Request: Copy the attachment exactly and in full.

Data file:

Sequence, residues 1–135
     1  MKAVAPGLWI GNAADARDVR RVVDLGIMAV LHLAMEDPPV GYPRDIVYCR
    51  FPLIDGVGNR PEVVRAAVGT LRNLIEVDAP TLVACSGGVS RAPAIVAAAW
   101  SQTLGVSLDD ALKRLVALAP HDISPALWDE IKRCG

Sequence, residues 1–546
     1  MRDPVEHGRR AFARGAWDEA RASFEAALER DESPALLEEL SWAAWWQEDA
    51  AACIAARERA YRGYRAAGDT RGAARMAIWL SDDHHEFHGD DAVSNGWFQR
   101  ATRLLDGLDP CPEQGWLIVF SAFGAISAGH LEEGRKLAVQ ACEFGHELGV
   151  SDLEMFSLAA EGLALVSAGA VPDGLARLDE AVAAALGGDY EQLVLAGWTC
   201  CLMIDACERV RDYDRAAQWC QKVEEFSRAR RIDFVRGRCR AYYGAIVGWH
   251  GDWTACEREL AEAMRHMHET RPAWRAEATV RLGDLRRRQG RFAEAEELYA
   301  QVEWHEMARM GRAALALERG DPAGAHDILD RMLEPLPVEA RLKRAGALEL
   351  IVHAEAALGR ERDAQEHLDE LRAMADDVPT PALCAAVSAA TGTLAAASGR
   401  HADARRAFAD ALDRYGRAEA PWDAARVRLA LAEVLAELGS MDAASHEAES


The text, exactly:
Sequence, residues 1–135
     1  MKAVAPGLWI GNAADARDVR RVVDLGIMAV LHLAMEDPPV GYPRDIVYCR
    51  FPLIDGVGNR PEVVRAAVGT LRNLIEVDAP TLVACSGGVS RAPAIVAAAW
   101  SQTLGVSLDD ALKRLVALAP HDISPALWDE IKRCG

Sequence, residues 1–546
     1  MRDPVEHGRR AFARGAWDEA RASFEAALER DESPALLEEL SWAAWWQEDA
    51  AACIAARERA YRGYRAAGDT RGAARMAIWL SDDHHEFHGD DAVSNGWFQR
   101  ATRLLDGLDP CPEQGWLIVF SAFGAISAGH LEEGRKLAVQ ACEFGHELGV
   151  SDLEMFSLAA EGLALVSAGA VPDGLARLDE AVAAALGGDY EQLVLAGWTC
   201  CLMIDACERV RDYDRAAQWC QKVEEFSRAR RIDFVRGRCR AYYGAIVGWH
   251  GDWTACEREL AEAMRHMHET RPAWRAEATV RLGDLRRRQG RFAEAEELYA
   301  QVEWHEMARM GRAALALERG DPAGAHDILD RMLEPLPVEA RLKRAGALEL
   351  IVHAEAALGR ERDAQEHLDE LRAMADDVPT PALCAAVSAA TGTLAAASGR
   401  HADARRAFAD ALDRYGRAEA PWDAARVRLA LAEVLAELGS MDAASHEAES